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A home for the ‘Hypochondriac, Mad and Distracted’: remembering the ‘madhouses’ of Fishponds

For more than 100 years, a family firm profited handsomely from running mental health facilities in Fishponds – sometimes using shocking and bizarre practices. A new book uncovers the startling history of ‘Mason’s Madhouse’.

People's History

Dental workers at the Smile Pad practice in Fishponds were shocked to learn during my most recent check-up that their premises sit on the site of the entrance to what was once one of the biggest private lunatic asylums outside London. 

They wondered if that explained some of the strange phenomena that had been reported there – screams heard at night, mirrors breaking, and sharps disposal units moving of their own accord. 

It is highly unlikely there is any connection. But it would have given an added frisson had they told me before I finished researching my new book on the history of ‘Mason’s Madhouse’ which once stood at the junction of Manor Road and Fishponds Road.

For me it all began when a cousin told me our grandma, an Irish matriarch in Bedminster, used to threaten her kids with Fishponds if they were naughty. Apparently the area once had a reputation for housing the mad, the bad and the dangerous to know in its lunatic asylums.

But the story really owes its origins to the Gloucestershire village of Wickwar and the death of Dr Joseph Mason, bankrupt and without a will, in 1738. He used to run a private asylum for the ‘Melancholy, Mad and Distracted’, assisted by his son, Joseph junior.

The son, then still in his twenties and with no medical qualifications we know of, took over the practice. After marrying into a Baptist family from Stapleton, he moved it to what is now Fishponds. 

He announced his intention to cure the ‘Hypochondriac, Mad and Distracted … with the Blessing of God’ with an advert in the Gloucester Journal, that added: ‘No Cure, No Pay, Boarding excepted’.

Startling treatments

This unconscious irony of his selling point became the title for my book, since Mason made a handsome profit that allowed him to amass an enormous property portfolio, including a large farm in St George on which his patients could roam. 

Joseph Mason junior, who moved his father’s mental institutions to Fishponds in the 18th century.

He had set up shop in a large family house where present-day Glaisdale Road meets College Road in Fishponds, sharing it with patients who were looked after by his staff. 

Mason was soon ready to expand, purchasing an extensive site on which he built Fishponds House, better known as ‘Mason’s Madhouse’. It opened for business in 1764 by which time he was onto his third wife, all of whom would die before him. The new lunatic asylum could house 50 patients as well as his family and a private chapel.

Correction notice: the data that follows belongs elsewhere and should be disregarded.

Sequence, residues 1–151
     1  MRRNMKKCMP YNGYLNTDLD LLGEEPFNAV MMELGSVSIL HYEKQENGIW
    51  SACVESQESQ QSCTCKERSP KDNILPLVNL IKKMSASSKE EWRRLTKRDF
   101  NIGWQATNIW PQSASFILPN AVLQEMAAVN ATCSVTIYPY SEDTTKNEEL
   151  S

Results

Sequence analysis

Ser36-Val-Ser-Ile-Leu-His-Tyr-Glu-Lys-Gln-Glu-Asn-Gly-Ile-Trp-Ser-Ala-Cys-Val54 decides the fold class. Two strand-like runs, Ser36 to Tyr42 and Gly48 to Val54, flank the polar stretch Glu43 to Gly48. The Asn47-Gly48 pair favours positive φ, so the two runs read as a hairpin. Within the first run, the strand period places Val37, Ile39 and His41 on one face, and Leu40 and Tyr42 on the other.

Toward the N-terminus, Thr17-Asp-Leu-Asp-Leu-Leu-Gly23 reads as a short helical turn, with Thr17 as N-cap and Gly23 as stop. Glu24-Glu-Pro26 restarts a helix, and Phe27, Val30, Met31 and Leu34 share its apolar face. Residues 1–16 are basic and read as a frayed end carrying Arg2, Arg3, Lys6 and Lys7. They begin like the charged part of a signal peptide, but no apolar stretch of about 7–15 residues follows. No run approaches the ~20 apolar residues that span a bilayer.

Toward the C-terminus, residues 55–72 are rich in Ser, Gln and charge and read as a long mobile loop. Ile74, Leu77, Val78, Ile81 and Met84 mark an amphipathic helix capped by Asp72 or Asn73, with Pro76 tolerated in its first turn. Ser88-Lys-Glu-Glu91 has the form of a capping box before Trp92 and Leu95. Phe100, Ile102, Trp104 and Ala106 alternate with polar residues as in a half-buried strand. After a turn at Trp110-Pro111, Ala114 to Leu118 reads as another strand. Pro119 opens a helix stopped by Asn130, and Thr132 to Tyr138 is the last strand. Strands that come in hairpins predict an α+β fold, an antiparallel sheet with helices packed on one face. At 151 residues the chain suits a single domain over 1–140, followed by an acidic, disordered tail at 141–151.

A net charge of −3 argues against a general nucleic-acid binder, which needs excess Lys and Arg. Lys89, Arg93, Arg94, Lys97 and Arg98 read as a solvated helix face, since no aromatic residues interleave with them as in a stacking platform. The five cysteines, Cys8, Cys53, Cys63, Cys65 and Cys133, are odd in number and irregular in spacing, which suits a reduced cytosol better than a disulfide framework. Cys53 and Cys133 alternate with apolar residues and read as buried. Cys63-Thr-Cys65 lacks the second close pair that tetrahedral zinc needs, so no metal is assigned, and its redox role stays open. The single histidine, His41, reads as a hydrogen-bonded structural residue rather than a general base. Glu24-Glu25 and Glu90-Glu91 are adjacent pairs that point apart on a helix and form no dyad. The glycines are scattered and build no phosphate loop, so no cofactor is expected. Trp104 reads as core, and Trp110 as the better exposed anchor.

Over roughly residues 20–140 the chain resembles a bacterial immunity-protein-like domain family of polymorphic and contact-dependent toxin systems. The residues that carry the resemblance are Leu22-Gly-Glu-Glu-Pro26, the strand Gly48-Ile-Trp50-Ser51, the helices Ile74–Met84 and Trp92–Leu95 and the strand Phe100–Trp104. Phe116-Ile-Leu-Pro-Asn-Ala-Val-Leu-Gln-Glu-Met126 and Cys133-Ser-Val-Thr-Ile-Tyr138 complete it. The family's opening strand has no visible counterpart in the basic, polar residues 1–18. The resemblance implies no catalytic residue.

The asylum would expand several times as it passed through subsequent generations of the Mason family. Those who took over from Joseph were certainly more qualified than he was – although perhaps lacked his business acumen.

Each had ‘troublesome’ patients. The founder got caught up in a legal spat with Clifton’s celebrated Goldney family, which had tricked haberdasher Edward into Mason’s care for being ‘flighty’ with family money. 

Another member of the same family, Councillor Gabriel Goldney JP, would be among the people who produced a none-too-positive report about conditions at the asylum under Mason’s grandson, Dr Joseph Mason Cox. 

One of the bizarre machines used for ‘rotational therapy’

Dr Cox believed in some quite startling treatments for mental illness, detailed in my book. But the report noted in particular his reliance upon ‘rotational therapy’, an extraordinary technique that gave rise to the contemporary term ‘spin doctors’ in an altogether different context.

Patients were placed in a chair suspended from the ground, and would then be spun around, often until they lost consciousness. Such devices were in use elsewhere at the time, in Ireland and other European countries. Although supposed to rid patients of their neuroses, rotational therapy was most effective as a control mechanism – that is until patients started to die in the process. 

What is even more extraordinary is that, as recently as 2013,  a university hospital in Switzerland had been revisiting Dr Cox’s theories with a space-age version of his equipment (pictures). They have discovered that it may indeed be effective as a means of modifying a person’s mood.

Public inquiry

When Dr George Gwinnett Bompas, the founder’s great-grandson, took over the asylum in 1817 it had another makeover with new gardens, paths and trees. Permission was granted to build over the entrance to the driveway to Oldbury Court, creating a bend in the road that still exists.